I think the council estate stereotype is dangerous because on the grand scheme of things the majority of people who live alongside me are completely socially normal. The lady that lives over the road from me runs her own business, my next door neighbour is a little old lady and the guy up the street only has a house party every three months. We are 'normal'. Although I don't know what living on a private estate feels like, I am sure the people can't be that much different. Yes, they may have a little more money, or they may have just bought the house twenty years ago when it was cheap as chips. The stereotypes encourage people to feel bad and ashamed of where they live. If you hammer into a child that because they are a council estate offspring they will fail at life, they will begin to fail. Not because they can't do it, but because you've encouraged them they can't. Living on a council estate doesn't hinder a child's life any more than living elsewhere do, children learn. They can be taught the difference between right and wrong, they can be made aware of what is dangerous, of what not to do and how to correctly behave. Looking down upon people because of where they grew up has no useful reason.

I grew up where I did, on a very stereotypical council estate. Yet, I know what is acceptable and what is not. I have ambition in life and I am following the dreams I made for myself. I have seen multiple people bleeding, I have had nights where I haven't slept because it has been so noisy and I have had to stay inside because it's not safe to go out, but that is life. We don't all have the privilege to live a perfect life, and honestly I don't think where I live hasn't hindered me in any way. If anything, it has taught me a sense of community. It has allowed me to get to know people from different end of the spectrums, from people with no money (where I lived) to extremely rich people (I went to a grammar school with a lot of rich people), and learn from both sides. It has taught me what the world is REALLY like, not some sugar-coated version. And in no way am I trying to dampen private housing or estates where all houses are bought because I don't know what that experience is like, all I am trying to say is that your surroundings do not have to shape you completely. You can be you.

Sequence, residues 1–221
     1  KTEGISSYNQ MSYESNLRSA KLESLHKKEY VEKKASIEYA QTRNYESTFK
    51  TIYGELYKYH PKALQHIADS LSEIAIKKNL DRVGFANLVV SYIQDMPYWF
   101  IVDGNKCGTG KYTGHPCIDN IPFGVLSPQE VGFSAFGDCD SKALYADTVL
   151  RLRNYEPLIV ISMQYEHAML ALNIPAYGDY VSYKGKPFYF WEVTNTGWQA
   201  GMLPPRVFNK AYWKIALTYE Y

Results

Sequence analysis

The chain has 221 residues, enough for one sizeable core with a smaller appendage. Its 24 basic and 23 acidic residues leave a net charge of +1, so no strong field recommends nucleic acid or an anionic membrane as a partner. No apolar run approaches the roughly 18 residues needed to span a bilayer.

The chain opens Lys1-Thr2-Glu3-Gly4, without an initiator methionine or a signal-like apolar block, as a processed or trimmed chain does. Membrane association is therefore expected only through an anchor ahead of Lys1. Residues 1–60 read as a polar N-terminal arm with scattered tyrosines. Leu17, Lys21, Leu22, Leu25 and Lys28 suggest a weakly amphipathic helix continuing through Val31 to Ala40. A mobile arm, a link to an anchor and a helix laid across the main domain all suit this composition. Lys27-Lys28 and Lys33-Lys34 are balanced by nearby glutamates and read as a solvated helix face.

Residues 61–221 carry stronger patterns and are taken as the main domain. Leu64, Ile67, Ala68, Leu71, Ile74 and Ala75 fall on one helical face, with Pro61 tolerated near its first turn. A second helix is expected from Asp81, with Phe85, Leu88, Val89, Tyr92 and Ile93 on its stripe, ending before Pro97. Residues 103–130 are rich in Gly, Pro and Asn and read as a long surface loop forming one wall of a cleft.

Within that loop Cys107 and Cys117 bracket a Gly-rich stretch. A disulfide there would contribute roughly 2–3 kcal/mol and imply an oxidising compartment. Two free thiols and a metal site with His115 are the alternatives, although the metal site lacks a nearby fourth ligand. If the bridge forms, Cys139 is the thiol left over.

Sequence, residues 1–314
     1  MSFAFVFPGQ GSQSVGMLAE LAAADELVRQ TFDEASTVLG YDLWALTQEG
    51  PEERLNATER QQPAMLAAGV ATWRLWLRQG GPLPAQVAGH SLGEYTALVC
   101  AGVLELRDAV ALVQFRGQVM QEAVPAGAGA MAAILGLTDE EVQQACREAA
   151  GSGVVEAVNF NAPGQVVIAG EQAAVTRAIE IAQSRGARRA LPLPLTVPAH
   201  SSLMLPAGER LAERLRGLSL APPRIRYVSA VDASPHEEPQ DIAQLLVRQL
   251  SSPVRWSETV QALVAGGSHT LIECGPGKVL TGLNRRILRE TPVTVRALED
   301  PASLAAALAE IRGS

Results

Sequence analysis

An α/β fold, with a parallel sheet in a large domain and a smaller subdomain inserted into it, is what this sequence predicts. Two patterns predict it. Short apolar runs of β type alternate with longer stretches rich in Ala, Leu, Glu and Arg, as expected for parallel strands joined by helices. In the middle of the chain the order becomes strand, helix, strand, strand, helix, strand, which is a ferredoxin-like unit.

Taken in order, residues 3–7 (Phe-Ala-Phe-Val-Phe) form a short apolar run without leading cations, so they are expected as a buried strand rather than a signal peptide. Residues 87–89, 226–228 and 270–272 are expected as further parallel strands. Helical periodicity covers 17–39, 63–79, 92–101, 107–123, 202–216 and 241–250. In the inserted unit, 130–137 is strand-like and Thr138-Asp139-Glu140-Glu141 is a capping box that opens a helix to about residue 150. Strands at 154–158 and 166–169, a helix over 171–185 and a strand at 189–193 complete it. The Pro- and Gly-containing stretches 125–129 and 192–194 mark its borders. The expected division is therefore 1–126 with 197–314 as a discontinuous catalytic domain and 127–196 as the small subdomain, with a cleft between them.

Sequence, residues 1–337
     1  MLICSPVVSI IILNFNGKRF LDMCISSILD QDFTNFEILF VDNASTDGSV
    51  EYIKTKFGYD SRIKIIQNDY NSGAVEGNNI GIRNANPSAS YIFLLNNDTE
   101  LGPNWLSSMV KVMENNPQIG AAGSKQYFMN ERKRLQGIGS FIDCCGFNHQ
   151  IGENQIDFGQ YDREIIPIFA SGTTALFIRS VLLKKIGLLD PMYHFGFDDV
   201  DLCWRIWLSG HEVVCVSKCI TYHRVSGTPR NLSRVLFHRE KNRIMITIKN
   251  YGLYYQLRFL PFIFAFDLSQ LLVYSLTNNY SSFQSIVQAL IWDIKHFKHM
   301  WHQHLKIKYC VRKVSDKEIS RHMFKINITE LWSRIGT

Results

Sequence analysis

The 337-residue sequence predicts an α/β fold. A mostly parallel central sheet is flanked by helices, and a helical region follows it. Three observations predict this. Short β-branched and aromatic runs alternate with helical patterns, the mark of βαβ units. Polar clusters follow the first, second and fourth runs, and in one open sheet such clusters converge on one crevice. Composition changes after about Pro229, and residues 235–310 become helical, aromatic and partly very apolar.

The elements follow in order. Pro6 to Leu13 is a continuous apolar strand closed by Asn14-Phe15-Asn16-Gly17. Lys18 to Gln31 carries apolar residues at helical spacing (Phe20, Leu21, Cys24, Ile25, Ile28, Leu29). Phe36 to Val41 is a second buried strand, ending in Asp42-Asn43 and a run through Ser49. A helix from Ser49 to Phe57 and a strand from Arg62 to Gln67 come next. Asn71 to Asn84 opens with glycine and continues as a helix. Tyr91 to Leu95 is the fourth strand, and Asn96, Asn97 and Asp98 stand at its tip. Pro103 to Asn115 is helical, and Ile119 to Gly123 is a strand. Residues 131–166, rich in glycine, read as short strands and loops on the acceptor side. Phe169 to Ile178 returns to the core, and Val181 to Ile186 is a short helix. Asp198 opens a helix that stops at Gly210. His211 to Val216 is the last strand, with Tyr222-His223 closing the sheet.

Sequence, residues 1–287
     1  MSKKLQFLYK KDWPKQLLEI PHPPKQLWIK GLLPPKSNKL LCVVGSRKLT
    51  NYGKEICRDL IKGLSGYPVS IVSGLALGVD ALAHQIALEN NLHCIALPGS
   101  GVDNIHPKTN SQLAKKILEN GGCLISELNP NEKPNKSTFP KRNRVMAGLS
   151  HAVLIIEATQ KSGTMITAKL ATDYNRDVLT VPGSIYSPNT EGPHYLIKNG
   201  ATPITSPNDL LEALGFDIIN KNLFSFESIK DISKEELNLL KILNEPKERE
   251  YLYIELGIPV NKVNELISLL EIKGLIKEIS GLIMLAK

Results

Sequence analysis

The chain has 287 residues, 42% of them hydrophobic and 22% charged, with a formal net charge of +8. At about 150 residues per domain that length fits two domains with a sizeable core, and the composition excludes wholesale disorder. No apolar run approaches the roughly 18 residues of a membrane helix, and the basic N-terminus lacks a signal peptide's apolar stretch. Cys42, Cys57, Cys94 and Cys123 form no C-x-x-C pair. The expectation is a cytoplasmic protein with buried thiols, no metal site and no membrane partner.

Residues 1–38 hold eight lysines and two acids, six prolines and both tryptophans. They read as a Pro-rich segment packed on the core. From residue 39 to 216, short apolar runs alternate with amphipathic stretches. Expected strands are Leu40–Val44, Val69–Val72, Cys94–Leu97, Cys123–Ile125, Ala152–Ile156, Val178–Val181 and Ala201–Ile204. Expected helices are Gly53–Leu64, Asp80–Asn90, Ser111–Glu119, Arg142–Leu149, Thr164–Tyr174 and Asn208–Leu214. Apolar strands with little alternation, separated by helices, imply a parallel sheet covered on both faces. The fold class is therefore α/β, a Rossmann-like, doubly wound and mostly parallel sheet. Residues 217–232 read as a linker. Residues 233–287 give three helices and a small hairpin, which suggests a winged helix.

No matter where you live, whether you like it or not, it is you. It has shaped how you grew up, but it does not have to keep you in that mould. You still have the opportunity to do what you want and to push yourself. However, if you spend your life wishing for a better home or hating where you live, you will simply fall into the trap of forgetting the positive things you have gained. We spend so much time focusing on the negative aspects of life, we forget that somewhere, positive things exist as well.


  1. This is super such interesting read Elise! I completely agree with the fact it doesn't matter where you're from, you can achieve whatever you put your mind to Xx

  2. I doesn't matter where we come from but where we are heading to. I really enjoyed this post, very well written:)!

    1. That is definitely true! Thank you so much X

  3. What a brilliant post, found it really interesting and definitely makes me think about where I grew up and how I should appreciate it more. Xx

  4. Such an interesting blog post, Elise! And the picture of you is so cute! 😊

    Shirley |

  5. Thanks for sharing, it frustrates me when people look down on any aspects of society, and I think your upbringing makes you who you are today - it's given you a well rounded view of the world which can't be a bad thing!

  6. I love this post! Something I can definitely relate to. It's funny that people can easily turn their noses down to people on council estates but mine was filled with a great community, we all knew eachother, as kids we all played together. It was a time of my life I loved growing up in. 💕

    1. Thank you so much! I am so glad you enjoyed where you grew up X

  7. This is a great post Elise. I actually found I was quite jealous of people who grew up on council estates and got to hang out with other kids all evening. I grew up in a very quiet road and my siblings were the only other people my age, luckily I had a lot of fun with them though!! xxx

  8. Lovely post, definitely one I relate to a lot! Xx

  9. Such an interesting read, Elise.
    Sophie x |